ArrayFire-OpenGL Interop using CUDA

by S. Mohammed on January 7, 2014

in ArrayFire,CUDA,OpenGL,Porting existing CPU applications to the GPU

A lot of ArrayFire users have been interested in the usage of ArrayFire in partnership with OpenGL for graphics computation. In the long run, we do plan to expand further on the interoperablilty and make it easier through ArrayFire. For now, we have developed a small example to expand on the usage of the CUDA-OpenGL interop API to assist in the interop operations between ArrayFire and OpenGL.

Some of the advantage of direct ArrayFire-OpenGL interop are:

  • Faster data transfers: Since the OpenGL buffers as well as ArrayFire data reside on the GPU, we can use a direct device to device copy rather than using the CPU as an intermediate and the relatively slow PCIe interface.
  • Offscreen rendering: It is commonly known that rendering to screen is a slow process. Using the API shown in this example, we can render directly of off screen framebuffers and retrieve the data in ArrayFire.
  • Transform feedback: This example also shows the usage of Transform feedback buffers in OpenGL. Transform feedback buffers allow the user to retrieve data from in-between the rendering pipeline, for example getting back the transformed vertices after the operations in vertex shaders.

Since a lot of data transfers to CPU are eliminated, we can do a lot more processing faster.

Let us now discuss the example. This example is relatively simple and renders a single triangle.

Code Walkthrough

The code for this example can be found at our github page.

The code relies upon the following libraries:

  • ArrayFire 2.0
  • CUDA-OpenGL Interop (CUDA 5.5)
  • GLFW 3
  • GLEW (1.x, latest version recommended)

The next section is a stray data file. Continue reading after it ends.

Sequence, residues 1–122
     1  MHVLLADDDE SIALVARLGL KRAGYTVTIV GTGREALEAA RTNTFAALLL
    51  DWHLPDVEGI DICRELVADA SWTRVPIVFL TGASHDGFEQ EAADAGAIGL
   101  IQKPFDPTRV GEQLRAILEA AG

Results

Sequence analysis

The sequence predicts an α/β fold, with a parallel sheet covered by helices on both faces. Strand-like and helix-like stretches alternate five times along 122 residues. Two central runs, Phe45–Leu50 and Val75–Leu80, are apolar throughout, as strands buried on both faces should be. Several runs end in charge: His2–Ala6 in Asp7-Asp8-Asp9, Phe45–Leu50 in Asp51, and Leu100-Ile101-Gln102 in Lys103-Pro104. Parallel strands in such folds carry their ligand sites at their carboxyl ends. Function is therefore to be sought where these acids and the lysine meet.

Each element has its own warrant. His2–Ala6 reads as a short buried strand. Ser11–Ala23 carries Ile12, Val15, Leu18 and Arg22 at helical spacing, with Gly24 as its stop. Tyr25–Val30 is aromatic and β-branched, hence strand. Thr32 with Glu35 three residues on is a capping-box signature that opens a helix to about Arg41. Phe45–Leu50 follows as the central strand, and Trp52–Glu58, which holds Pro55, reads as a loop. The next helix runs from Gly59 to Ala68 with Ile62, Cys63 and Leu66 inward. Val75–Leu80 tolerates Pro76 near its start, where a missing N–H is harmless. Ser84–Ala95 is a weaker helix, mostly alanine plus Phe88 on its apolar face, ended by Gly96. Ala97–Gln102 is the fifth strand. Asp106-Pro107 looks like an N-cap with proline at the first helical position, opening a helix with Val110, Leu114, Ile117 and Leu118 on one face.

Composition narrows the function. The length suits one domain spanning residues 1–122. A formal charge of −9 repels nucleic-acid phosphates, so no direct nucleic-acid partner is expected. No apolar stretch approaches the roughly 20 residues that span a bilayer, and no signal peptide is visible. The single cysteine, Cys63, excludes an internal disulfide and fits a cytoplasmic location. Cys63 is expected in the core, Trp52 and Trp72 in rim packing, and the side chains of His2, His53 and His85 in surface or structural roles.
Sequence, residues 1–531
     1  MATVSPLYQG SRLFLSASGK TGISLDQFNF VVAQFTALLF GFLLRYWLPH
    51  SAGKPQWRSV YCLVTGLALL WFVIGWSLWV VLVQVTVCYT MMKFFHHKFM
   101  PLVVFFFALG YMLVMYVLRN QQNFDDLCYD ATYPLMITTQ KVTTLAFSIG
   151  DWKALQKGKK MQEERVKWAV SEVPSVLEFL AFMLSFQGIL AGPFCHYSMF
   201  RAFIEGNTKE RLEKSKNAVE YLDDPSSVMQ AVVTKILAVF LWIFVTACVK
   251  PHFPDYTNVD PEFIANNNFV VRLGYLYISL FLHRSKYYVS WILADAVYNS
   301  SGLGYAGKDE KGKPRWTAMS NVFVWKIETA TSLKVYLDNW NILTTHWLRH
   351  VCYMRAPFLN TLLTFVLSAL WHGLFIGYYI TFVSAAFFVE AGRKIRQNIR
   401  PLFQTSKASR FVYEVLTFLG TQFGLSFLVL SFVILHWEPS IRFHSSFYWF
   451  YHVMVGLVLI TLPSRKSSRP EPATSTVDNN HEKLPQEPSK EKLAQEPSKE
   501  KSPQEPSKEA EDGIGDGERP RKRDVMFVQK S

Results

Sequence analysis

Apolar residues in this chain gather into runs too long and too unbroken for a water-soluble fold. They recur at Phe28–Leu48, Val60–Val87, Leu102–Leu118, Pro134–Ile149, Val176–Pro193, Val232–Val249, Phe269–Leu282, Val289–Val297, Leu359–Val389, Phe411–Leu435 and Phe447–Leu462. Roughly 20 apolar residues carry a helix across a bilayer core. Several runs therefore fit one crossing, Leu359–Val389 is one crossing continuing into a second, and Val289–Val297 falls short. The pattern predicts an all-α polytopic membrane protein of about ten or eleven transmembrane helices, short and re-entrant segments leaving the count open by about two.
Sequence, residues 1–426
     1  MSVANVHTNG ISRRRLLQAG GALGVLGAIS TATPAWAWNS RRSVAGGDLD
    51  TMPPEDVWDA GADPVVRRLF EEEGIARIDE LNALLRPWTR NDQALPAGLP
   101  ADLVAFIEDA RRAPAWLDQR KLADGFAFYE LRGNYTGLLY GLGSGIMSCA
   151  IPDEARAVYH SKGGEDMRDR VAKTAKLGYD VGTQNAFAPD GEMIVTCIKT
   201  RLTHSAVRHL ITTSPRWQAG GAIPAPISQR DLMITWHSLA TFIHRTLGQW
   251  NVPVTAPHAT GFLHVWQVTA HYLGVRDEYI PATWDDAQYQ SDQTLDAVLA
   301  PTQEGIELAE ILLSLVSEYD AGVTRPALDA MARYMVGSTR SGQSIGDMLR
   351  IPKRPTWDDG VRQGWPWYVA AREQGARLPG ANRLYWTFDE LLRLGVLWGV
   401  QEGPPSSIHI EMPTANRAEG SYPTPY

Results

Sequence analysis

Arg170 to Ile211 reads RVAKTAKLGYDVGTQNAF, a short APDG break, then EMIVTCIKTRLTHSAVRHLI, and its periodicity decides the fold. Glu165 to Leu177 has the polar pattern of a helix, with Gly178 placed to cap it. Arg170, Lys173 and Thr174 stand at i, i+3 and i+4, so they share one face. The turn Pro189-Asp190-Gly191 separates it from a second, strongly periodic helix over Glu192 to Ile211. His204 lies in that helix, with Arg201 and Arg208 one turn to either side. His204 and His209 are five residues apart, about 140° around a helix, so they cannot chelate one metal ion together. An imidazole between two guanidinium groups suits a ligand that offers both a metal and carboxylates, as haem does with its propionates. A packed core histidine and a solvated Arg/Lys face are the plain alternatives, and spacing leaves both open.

Let us walk through the example step by step. Please note that any steps that do not contribute to the interop and are just common OpenGL code will not be covered in this blog.

Initialization

int device = argc > 1? atoi(argv[1]):0;
af::deviceset(device);
af::info();

int width = 400, height = 300, channels = 4;
int num_triangles = 1, num_vertices = 3;

array af_indices = array(3, indices);
array af_vertices = array(3, num_vertices, vertices);	//3 floats per vertex, 3 vertices
array af_colors = array(3, num_vertices, colors);		//3 floats per color, 3 colors
array af_image = constant(0.0, height, width, channels);
array pkd_image = constant(0.0, channels, width, height);
array af_project = constant(-1.0, 3, num_vertices);

This section initializes ArrayFire and create arrays for the basic data structure. Since ArrayFire stores data as column major, we decided that the arrays will have each vertex as one column, ie. if you had an array of 10 vertices with 3 coordinates each, then your array would have dimensions 3×10.

Most of the array names are self explanatory. pkd_image is used to store the packed image data returned by OpenGL through the framebuffer. af_image is used to store the returned image in the ArrayFire format (unpacked). af_project stores the result of the projection returned after the vertex shader stage (using transform feedback). The size of project is same as the vertex buffer.

bool onscreen = true;			//Change to false for offscreen renderering
init_glfw(width, height, channels, onscreen);

The onscreen flag is a useful one. When it is set to true, the render happens on the GLFW window. Although not a part of the code, it is possible to retrieve the rendered image back into ArrayFire. However, turning this flag to false results in offscreen rendering. This means rendering is done directly to a software framebuffer rather than to the screen, hence it is faster. It also allows the rendered image to be retrieved back into ArrayFire. If you wish to display this image then the ArrayFire image() function can be used (will be discussed a little later).

init_glfw is used to initialize the GLFW and GLEW context.

Initialize Buffers

GLuint vertex_b = 0;
cudaGraphicsResource_t vertex_cuda;
create_buffer(vertex_b, GL_ARRAY_BUFFER, &vertex_cuda, 3 * num_vertices * sizeof(float), GL_DYNAMIC_DRAW);

These lines are an abstraction to create the OpenGL buffers and bind them to their respective CUDA Graphics Resource object.

void create_buffer(GLuint& buffer, GLenum buffer_target, cudaGraphicsResource_t* cuda_resource, const unsigned size, GLenum buffer_usage, const void* data = NULL)
{
    glGenBuffers(1, &buffer);
    glBindBuffer(buffer_target, buffer);
    glBufferData(buffer_target, size, data, buffer_usage);
    CUDA(cudaGraphicsGLRegisterBuffer(cuda_resource, buffer, cudaGraphicsRegisterFlagsNone));
    glBindBuffer(buffer_target, 0);
}

This section of code shows the creation and registering of the OpenGL buffer with CUDA. The buffer generation and bindings are done exactly as in regular OpenGL. The cudaGraphicsGLRegisterBuffer registers the buffer with CUDA. If using a texture or renderbuffer or the like, then use cudaGraphicsGLRegisterImage.